Research Articles (Earth Sciences)


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    A metamorphic origin for Europa's ocean
    (John Wiley & Sons, Inc, 2021) Daswani, Mohit Melwani; Vance, Steven D.; Mayne, Matthew J.; Glein, Christopher R.
    Europa likely contains an iron-rich metal core. For it to have formed, temperatures within Europa reached urn:x-wiley:00948276:media:grl62926:grl62926-math-00011250 K. Going up to that temperature, accreted chondritic minerals — for example, carbonates and phyllosilicates — would partially devolatilize. Here, we compute the amounts and compositions of exsolved volatiles. We find that volatiles released from the interior would have carried solutes, redox-sensitive species, and could have generated a carbonic ocean in excess of Europa's present-day hydrosphere, and potentially an early urn:x-wiley:00948276:media:grl62926:grl62926-math-0002 atmosphere. No late delivery of cometary water was necessary. Contrasting with prior work, urn:x-wiley:00948276:media:grl62926:grl62926-math-0003 could be the most abundant solute in the ocean, followed by urn:x-wiley:00948276:media:grl62926:grl62926-math-0004, urn:x-wiley:00948276:media:grl62926:grl62926-math-0005, and urn:x-wiley:00948276:media:grl62926:grl62926-math-0006. However, gypsum precipitation going from the seafloor to the ice shell decreases the dissolved S/Cl ratio, such that Clurn:x-wiley:00948276:media:grl62926:grl62926-math-0007S at the shallowest depths, consistent with recently inferred endogenous chlorides at Europa's surface. Gypsum would form a 3–10 km thick sedimentary layer at the seafloor.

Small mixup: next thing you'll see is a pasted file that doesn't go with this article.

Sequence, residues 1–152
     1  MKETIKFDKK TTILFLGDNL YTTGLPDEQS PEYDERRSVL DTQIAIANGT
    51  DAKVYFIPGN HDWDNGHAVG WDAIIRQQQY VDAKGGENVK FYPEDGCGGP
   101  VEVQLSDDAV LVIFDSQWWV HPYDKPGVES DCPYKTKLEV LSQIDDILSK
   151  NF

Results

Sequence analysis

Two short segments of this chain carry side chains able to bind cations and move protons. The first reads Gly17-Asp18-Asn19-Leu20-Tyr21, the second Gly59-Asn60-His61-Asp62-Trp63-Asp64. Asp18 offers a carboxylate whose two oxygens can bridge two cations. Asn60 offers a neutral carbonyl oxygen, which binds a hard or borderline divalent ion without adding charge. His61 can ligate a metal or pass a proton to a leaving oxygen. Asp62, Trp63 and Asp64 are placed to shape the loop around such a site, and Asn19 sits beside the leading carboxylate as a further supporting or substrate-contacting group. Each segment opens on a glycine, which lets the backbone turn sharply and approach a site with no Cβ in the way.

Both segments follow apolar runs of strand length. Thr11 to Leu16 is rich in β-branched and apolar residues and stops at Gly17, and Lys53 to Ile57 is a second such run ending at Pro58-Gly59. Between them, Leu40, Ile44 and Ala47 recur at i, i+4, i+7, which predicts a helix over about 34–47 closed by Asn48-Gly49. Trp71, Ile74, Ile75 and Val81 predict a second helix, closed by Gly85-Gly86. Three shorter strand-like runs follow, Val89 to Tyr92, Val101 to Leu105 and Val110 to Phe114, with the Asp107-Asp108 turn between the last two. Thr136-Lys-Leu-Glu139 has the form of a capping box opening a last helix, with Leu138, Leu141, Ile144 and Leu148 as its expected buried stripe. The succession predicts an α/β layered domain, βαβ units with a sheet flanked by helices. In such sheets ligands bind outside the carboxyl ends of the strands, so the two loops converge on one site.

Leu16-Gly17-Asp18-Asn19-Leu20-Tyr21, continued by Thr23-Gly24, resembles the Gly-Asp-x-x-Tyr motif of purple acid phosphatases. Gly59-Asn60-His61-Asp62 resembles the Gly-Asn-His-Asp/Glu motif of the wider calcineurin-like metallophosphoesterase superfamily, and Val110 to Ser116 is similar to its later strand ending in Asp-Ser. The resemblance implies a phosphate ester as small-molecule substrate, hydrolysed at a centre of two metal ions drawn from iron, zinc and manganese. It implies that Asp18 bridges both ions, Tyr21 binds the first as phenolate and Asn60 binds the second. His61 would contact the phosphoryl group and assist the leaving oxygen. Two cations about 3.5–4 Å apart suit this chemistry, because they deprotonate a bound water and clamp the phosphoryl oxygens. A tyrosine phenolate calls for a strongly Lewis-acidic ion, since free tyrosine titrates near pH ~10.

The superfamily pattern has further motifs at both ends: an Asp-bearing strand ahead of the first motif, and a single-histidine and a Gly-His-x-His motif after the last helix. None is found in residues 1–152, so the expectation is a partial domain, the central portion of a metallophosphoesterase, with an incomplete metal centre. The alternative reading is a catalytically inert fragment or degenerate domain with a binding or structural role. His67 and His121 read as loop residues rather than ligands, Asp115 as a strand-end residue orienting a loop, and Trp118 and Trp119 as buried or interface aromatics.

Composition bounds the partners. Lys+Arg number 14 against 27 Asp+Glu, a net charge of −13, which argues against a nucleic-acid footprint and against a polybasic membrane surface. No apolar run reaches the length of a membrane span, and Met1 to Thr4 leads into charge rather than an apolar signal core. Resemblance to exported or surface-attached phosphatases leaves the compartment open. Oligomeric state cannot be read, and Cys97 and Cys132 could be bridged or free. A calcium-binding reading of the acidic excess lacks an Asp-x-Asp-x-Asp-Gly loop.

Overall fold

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    Timing of Proterozoic magmatism in the Sunsas belt, Bolivian Precambrian Shield, SW Amazonian Craton
    (Elsevier B.V., 2021-06-05) Nedel, Ingrid M.; Fuck, Reinhardt A.; Ruiz, Amarildo S.; Matos-Salinas, Gerardo R.; Ferreira, Alanielson da C.D.